If You Are a junior executive or middle management man being considered for promotion, the pleasant fellow sharing martinis with you – chatting casually about seemingly trivial, unrelated topics, ordering rounds of drinks until you become mellow and expansive and relaxed – may be a hired mind-prober, an Mr man. That innocent-looking form you are asked to fill out and those inkblots you are asked to interpret and any other tests excluding the purely physical to which you are subjected will, in all likelihood, have been drawn up by an Mr man. And it will be an Mr man who will submit a report to your employer that could say something like this: "He has fine qualifications, good college training, excellent appearance, poise and agile mental abilities. Our analysis detected, however, a potential source of real difficulty: his concept of authority. He sees his associates as competitive persons whom he must outwit." And you, sir, are not only unpromoted, you are out. Out looking for a new job – answering more questions and filling out new forms and reacting to different inkblots and drinking martinis with other pleasant strangers who smile and laugh and chew olives while they secretly evaluate your college training, your appearance, your poise, your mental abilities and (here we go again) your concept of authority.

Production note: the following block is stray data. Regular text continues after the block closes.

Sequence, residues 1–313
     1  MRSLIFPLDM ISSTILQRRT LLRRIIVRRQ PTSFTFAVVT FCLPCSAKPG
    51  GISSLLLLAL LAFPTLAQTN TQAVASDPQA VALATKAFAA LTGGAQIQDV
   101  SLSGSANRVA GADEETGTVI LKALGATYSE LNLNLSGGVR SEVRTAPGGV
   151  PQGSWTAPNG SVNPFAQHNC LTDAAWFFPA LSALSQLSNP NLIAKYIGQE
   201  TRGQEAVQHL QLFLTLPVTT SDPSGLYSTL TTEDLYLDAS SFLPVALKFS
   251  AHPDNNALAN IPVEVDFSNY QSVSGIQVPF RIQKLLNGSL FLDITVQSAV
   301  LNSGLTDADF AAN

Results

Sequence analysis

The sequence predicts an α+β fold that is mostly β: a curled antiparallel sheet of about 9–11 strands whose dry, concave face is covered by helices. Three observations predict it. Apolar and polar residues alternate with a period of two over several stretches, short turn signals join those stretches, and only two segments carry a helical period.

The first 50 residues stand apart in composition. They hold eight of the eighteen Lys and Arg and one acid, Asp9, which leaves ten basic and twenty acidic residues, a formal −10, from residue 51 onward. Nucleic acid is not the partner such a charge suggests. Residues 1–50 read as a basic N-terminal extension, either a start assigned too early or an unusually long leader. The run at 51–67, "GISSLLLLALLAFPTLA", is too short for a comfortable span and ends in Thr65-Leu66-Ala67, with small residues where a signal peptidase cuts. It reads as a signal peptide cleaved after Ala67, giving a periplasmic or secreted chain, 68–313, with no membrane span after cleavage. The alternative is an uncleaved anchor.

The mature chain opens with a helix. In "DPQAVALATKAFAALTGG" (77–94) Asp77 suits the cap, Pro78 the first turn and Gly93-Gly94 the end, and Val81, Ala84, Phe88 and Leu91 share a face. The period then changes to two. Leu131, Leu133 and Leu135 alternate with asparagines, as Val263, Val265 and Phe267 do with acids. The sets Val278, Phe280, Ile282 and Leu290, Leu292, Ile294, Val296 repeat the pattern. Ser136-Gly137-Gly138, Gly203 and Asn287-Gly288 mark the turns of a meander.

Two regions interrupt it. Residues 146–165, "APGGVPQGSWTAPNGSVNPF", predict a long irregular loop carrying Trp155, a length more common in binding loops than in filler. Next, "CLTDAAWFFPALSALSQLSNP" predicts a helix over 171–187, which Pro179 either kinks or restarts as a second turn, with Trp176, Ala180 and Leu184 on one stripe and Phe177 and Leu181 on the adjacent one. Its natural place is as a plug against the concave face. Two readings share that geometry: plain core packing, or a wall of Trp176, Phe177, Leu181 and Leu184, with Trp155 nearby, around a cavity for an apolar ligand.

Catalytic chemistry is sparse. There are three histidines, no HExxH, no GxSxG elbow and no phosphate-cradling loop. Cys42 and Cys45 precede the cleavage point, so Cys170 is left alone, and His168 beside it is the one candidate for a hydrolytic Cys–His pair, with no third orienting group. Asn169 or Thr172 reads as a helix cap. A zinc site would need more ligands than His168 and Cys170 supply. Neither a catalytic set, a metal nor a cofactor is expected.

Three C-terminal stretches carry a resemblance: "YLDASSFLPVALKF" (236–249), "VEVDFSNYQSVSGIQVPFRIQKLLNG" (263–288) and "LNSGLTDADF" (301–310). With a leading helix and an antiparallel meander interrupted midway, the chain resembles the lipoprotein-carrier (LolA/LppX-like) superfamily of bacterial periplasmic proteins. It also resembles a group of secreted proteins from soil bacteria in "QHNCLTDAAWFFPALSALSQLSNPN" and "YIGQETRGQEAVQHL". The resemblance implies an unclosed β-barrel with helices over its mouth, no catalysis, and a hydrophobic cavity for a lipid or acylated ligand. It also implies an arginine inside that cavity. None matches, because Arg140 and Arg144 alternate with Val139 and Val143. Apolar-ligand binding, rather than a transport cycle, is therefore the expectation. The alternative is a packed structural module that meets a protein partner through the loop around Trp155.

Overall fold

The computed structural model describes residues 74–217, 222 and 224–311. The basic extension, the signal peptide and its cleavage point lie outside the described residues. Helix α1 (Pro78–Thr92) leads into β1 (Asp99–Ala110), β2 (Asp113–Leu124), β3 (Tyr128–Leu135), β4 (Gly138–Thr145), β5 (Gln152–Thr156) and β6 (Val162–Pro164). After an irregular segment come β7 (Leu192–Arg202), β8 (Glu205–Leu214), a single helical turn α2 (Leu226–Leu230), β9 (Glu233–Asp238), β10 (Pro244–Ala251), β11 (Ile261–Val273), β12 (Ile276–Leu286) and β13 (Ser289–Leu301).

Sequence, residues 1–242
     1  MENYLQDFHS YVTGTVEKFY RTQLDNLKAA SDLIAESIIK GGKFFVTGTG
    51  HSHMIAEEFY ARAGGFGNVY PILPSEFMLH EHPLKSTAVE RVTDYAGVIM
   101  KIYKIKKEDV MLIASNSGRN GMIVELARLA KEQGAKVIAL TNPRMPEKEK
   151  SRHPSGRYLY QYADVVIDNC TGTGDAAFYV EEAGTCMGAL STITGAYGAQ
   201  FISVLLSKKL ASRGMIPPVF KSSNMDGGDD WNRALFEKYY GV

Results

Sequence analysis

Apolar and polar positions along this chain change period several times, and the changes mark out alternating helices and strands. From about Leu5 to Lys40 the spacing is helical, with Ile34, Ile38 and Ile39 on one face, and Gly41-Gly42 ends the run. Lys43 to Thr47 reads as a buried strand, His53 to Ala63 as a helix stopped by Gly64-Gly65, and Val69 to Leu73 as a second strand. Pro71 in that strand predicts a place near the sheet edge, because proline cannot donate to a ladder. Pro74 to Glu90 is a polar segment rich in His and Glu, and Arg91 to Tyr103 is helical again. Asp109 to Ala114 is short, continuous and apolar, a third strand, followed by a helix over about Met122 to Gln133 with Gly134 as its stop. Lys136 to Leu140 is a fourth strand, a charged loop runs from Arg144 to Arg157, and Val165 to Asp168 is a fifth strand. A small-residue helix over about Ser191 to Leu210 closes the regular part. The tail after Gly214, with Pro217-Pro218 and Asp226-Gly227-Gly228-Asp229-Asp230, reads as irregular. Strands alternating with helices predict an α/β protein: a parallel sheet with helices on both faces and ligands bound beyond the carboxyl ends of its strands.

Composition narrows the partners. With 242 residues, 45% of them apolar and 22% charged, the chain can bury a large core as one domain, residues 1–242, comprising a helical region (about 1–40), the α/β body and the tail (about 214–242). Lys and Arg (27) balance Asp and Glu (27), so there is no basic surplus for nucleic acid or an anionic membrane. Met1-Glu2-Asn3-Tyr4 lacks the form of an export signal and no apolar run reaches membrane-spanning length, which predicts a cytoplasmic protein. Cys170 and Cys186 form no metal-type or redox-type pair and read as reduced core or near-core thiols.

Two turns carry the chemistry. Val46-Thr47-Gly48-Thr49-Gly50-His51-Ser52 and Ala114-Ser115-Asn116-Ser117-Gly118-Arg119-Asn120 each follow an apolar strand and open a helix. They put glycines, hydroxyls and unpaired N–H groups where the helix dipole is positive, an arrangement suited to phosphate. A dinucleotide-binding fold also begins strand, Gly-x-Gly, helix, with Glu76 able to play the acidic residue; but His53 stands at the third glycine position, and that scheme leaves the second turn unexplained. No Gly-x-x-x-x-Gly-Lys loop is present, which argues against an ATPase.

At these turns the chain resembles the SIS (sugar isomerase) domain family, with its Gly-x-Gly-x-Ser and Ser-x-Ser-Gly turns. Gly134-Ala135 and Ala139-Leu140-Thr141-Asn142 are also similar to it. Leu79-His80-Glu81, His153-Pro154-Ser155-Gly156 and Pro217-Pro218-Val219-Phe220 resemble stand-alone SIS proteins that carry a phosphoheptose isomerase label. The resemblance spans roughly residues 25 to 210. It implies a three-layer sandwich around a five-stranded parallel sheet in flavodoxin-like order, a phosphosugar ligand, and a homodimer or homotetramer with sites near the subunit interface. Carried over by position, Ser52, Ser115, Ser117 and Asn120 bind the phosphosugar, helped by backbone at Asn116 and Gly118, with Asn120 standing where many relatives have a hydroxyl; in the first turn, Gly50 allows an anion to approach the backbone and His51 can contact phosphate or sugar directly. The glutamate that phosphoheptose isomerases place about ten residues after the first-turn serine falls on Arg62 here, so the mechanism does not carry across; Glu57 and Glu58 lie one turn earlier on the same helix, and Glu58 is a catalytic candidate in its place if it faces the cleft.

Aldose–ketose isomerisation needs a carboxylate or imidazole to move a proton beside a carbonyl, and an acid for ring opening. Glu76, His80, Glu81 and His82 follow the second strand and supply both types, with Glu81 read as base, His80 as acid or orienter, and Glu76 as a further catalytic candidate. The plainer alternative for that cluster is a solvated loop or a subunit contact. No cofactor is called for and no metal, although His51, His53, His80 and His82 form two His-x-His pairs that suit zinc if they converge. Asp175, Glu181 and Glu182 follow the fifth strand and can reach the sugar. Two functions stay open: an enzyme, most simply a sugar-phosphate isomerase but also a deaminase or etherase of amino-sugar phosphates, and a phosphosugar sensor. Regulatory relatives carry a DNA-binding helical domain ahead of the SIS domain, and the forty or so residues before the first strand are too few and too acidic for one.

Until recent years, the man-of-the-world paid scant attention to desserts. He was content to round off his meal with a wedge of ripe camembert cheese while his gentle companion munched her meringue glace with marrons. Naturally, there were exceptions now and then when a man might have been temporarily overcome with the aroma of a deep dish apple pie or a warm brandied mince pie. But, as a rule, the male of the species was quite willing to grant that sweets were designed for the sweet.